Friedrich 'Fritz' Kreisler was an Austrian-born violin virtuoso and composer. One of the most famous violin masters of his or any other day, he was known for his sweet tone and expressive phrasing. Like many great violinists of his generation, he produced a characteristic sound which was immediately recognizable as his own. Although he derived in many respects from the Franco-Belgian school, his style is nonetheless reminiscent of the gemütlich lifestyle of pre-war Vienna.
Kreisler was born in Vienna to a Jewish father and a German Protestant mother; he was baptised at age twelve. He studied at the Vienna Conservatory and in Paris, where his teachers included Anton Bruckner, Léo Delibes, Jakob Dont, Joseph Hellmesberger, Jr., Joseph Massart, and Jules Massenet. He made his United States debut at Steinway Hall in New York City on November 10, 1888, and his first tour of the United States in 1888-89 with Moriz Rosenthal, then returned to Austria and applied for a position in the Vienna Philharmonic. He was turned down by the concertmaster Arnold Rosé. Hearing a recording of the Rosé Quartet, it is easy to hear why – Rosé was sparing in his use of vibrato, and Kreisler would not have blended successfully with the orchestra's violin section. As a result, he left music to study medicine. He spent a brief time in the army before returning to the violin in 1899, giving a concert with the Berlin Philharmonic conducted by Arthur Nikisch. It was this concert and a series of American tours from 1901 to 1903 that brought him real acclaim.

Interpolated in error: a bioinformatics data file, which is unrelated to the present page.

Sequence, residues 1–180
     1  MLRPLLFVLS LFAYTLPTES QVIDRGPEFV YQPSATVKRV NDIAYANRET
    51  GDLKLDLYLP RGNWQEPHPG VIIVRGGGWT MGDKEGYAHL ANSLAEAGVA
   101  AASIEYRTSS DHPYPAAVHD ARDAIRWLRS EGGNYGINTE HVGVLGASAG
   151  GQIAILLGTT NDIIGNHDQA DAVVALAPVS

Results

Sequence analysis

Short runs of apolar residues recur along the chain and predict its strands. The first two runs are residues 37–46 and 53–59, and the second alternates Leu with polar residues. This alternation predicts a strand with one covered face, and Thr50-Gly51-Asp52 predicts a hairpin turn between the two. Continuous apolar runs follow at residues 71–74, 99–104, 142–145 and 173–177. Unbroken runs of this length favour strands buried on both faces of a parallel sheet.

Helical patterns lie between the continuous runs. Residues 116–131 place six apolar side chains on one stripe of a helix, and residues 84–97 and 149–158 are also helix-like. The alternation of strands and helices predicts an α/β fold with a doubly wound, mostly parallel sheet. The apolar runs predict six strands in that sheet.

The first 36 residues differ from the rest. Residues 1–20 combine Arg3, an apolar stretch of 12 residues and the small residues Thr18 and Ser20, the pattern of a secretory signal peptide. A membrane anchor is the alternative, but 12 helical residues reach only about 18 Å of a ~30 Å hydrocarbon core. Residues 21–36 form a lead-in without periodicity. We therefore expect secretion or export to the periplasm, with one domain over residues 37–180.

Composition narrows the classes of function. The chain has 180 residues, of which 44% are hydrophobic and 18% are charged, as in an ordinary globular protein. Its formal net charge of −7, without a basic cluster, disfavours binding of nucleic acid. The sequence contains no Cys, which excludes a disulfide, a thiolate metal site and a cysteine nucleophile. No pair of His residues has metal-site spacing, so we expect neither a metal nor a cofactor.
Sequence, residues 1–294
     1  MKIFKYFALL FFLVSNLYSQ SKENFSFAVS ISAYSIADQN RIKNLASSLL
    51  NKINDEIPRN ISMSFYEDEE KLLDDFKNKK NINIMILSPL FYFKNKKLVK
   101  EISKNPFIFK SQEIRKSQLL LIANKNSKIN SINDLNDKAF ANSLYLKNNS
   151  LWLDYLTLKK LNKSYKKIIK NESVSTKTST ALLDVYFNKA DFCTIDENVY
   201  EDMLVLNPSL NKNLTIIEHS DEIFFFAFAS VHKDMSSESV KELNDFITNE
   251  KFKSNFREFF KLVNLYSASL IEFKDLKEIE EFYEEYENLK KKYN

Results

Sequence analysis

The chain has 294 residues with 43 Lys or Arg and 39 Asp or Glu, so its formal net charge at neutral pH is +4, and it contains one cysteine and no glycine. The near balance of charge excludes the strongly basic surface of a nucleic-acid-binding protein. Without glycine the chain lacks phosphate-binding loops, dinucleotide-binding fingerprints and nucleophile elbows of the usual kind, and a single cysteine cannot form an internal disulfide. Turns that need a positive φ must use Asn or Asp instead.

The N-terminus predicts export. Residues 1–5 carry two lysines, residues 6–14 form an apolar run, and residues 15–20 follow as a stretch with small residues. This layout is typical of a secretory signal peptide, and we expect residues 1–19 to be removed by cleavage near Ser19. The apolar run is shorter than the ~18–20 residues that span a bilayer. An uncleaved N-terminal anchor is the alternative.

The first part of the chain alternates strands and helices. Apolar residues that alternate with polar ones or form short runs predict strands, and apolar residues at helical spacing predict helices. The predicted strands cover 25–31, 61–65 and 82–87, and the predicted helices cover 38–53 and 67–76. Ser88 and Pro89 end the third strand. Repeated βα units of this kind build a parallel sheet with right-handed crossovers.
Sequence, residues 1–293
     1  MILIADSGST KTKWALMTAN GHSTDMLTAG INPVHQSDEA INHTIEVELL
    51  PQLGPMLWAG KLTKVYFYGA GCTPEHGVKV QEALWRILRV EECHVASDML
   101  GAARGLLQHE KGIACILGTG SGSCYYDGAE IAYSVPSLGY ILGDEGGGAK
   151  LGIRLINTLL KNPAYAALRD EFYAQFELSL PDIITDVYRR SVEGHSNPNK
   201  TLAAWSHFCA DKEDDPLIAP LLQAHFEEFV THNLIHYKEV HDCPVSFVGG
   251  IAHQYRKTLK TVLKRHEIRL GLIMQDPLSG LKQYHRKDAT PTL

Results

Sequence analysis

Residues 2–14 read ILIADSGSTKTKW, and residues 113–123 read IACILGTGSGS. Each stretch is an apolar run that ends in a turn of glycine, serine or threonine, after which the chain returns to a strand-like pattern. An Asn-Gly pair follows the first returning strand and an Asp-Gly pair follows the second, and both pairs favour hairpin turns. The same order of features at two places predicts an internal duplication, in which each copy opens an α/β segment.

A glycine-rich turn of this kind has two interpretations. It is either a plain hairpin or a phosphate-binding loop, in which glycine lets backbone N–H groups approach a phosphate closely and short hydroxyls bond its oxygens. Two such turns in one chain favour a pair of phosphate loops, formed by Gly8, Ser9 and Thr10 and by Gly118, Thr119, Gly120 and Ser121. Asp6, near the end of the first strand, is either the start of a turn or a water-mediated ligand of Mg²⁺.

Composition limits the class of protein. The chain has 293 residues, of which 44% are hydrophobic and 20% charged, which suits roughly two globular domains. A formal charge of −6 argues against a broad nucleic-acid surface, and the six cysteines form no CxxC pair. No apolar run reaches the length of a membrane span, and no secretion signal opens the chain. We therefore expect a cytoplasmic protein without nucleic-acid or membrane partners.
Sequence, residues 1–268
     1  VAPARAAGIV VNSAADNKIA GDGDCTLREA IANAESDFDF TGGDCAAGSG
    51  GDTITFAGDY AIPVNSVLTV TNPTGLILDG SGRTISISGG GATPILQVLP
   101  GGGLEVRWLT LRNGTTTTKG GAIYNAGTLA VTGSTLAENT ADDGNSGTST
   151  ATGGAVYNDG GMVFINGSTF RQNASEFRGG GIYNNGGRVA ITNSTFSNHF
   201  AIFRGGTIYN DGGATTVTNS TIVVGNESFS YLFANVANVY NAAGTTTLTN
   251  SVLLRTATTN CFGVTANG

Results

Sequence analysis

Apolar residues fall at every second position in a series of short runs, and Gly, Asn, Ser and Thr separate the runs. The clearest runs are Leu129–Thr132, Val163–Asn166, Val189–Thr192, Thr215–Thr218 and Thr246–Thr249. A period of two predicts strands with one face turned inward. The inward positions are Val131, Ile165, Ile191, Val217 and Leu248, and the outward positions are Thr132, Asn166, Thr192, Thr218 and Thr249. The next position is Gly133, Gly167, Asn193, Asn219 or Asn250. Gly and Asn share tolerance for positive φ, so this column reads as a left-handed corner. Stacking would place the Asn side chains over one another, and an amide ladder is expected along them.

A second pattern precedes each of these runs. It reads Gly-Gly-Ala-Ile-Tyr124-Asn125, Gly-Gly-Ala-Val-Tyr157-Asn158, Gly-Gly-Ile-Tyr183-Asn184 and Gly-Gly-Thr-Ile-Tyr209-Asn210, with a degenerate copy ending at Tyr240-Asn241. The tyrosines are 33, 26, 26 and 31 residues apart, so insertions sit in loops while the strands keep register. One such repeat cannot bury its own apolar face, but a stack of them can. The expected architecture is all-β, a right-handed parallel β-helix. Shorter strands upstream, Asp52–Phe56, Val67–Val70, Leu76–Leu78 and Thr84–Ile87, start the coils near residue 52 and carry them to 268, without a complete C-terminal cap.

In 1910, Kreisler gave the premiere of Sir Edward Elgar's Violin Concerto, a work commissioned by and dedicated to him. He briefly served in the Austrian Army in World War I before being honourably discharged after he was wounded. He spent the remaining years of the war in America. He returned to Europe in 1924, living first in Berlin, then moving to France in 1938. Shortly thereafter, at the outbreak of World War II, he settled once again in the United States, becoming a naturalized citizen in 1943. He lived in that country for the rest of his life. He gave his last public concert in 1947 and broadcast performances for a few years after that.
On April 26, 1941, he was involved in the first of two traffic accidents that marked his life. Struck by a truck while crossing a street in New York, he fractured his skull, and was in a coma for over a week. Towards the end of his life, he was in another accident while traveling in an automobile, and spent his last days blind and deaf from that accident, but he "radiated a gentleness and refinement not unlike his music," according to Archbishop Fulton J. Sheen who visited him frequently during that time. He died in New York City in 1962 and was interred in a private mausoleum in Woodlawn Cemetery, Bronx, NY.